Virtual reality has become an increasingly popular gaming application, but experiencing and interacting with the 3-D world has benefits beyond sheer entertainment. According to new research, participating in virtual reality support groups may provide an effective option for older adults dealing with grief.
Losing a loved one causes many emotions that are often hard to make sense of. To cope with those feelings, many individuals turn to support groups to guide them along their grief journey.
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However, an in-person meeting isn’t always feasible for everyone due to various obstacles, such as physical immobility or medical conditions. This is especially true for adults over the age of 65. To better understand if virtual reality support groups are an effective option, researchers from the University of Arizona conducted a small study among widows and widowers.
The study, published in the journal Computers in Human Behavior, involved 30 widows and widowers older than 50 years old, whom were bereaved for about nine months on average. Some of the participants were assigned to engage in a virtual reality support group twice a week for hour-long sessions, through the online platform called Second Life. The other study subjects were assigned to read one passage a week (approximately one page in length) that came from the blog HelloGrief.
Both groups received information about the same topics, including how to maintain physical health, relaxation techniques, dating and parenting, social reengagement, and dealing with the personal property of the deceased, among others.
At the end of the of the eight-week study period, and again two months later, a total of 27 participants completed questionnaires about their experience. The researchers found that both groups reported improved levels of stress, loneliness, and sleep quality, but only the individuals in the virtual reality group showed improved symptoms of depression.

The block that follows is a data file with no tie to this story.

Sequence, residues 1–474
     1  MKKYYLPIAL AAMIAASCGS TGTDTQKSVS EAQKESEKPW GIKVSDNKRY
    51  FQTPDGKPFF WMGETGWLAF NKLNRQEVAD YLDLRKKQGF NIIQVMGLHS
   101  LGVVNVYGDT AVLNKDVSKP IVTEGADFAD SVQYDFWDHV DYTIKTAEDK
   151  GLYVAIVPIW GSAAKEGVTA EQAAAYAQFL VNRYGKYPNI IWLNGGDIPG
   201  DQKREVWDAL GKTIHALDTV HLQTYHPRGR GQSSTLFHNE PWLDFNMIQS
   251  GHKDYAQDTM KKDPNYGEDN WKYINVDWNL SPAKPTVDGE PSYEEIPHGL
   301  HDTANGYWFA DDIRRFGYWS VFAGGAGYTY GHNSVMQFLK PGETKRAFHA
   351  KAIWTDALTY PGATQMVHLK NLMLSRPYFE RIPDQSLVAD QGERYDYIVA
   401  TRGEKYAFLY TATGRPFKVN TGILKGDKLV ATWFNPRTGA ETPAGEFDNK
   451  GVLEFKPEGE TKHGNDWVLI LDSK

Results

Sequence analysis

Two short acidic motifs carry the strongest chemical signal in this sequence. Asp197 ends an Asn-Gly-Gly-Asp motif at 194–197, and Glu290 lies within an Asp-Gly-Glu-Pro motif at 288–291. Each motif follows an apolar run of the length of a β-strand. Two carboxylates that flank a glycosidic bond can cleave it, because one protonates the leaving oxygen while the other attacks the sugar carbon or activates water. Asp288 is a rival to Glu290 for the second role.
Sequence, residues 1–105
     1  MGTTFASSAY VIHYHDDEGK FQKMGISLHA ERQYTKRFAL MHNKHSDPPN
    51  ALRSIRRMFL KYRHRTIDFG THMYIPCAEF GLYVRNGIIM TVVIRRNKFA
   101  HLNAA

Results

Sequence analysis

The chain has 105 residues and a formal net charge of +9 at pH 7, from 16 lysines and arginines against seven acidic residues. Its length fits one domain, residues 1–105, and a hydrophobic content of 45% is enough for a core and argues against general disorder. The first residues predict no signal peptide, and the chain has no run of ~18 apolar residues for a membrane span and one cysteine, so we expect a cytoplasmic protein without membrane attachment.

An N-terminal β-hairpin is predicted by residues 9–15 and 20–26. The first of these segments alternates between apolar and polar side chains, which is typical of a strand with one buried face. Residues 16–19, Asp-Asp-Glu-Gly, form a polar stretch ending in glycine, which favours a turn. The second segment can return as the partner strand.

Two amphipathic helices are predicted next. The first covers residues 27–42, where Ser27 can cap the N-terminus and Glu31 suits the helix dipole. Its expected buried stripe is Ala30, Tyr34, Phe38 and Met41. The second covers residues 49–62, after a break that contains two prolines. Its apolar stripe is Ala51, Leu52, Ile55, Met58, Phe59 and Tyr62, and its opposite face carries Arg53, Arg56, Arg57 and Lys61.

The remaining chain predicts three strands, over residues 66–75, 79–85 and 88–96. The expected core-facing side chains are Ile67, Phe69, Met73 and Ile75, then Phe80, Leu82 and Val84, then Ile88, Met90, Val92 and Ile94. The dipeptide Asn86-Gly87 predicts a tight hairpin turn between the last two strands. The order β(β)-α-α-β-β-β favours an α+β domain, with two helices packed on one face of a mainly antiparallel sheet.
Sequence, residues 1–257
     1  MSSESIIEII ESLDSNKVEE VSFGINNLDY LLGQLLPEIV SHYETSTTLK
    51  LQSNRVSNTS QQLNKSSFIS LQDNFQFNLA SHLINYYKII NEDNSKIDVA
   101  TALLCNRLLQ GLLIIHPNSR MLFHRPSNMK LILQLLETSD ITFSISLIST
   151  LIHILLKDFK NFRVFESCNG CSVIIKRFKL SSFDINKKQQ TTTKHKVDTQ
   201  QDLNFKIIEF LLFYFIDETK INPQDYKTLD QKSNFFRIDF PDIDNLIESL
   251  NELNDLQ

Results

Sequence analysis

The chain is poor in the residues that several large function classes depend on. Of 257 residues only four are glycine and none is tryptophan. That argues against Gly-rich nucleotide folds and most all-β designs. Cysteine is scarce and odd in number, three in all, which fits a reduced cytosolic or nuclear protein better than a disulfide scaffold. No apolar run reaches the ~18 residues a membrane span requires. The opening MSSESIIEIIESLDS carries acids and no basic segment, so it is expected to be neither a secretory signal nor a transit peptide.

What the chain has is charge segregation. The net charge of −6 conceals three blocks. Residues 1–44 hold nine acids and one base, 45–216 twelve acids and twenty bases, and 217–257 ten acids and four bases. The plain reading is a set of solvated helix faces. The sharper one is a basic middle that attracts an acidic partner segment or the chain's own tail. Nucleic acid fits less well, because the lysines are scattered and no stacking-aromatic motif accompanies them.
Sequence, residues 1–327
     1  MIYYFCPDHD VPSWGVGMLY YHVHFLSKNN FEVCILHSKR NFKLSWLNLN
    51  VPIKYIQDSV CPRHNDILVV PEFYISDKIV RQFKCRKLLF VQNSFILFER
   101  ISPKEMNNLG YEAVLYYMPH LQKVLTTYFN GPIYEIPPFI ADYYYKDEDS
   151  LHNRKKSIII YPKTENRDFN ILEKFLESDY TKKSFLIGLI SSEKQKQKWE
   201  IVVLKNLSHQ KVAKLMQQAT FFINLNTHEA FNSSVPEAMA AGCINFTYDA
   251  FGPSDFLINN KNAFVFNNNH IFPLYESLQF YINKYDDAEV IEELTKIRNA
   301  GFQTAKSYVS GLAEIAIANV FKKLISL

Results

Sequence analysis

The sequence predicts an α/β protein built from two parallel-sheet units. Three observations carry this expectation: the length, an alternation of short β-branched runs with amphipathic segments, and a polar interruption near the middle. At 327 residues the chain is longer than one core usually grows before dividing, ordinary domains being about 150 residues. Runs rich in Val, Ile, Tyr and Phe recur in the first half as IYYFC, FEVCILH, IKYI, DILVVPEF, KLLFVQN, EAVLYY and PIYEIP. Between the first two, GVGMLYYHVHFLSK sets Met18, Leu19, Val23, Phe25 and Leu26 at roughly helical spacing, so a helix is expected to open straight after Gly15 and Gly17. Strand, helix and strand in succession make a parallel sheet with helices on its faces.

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“One of the best treatments for depression is behavioral activation,” study author Lindsey Knowles said in a news release. “People who are depressed, or have more depressive symptoms, often remove themselves from their environment and from doing things that provide positive reinforcement and give them a sense of value. Showing up for a group twice a week—even if it is virtual—is a way for them to engage in the world that they haven’t been.”
The virtual reality group was immersed in an animated living room at a seaside cabin. The participants choose a character to represent themselves, and then communicated online via a chatroom feature. During their sessions, participants were lectured on various topics. They also got to engage with one another and share their personal experiences.
“Group members often shared things like: ‘Right now I’m crying at my keyboard, and I would never do this in person, but because I feel like there’s this anonymity, I can break down, while my avatar looks perfectly fine,'” said Knowles.
The follow-up questionnaires revealed the participants in the virtual reality group felt as if they were in a real life setting. Knowles notes that further research needs to be conducted to see how virtual support groups and educational websites, like HelloGrief, compare to in-person support groups, or simply just the letting time pass by.
“With the graying of America that is happening, we expect that more people are going to be widowed as baby boomers age,” she said. “Losing a spouse is a huge life transition and a profoundly stressful event. All of us will experience different types of grief in our lives, and having accessible resources that are evidence-based is really important.”
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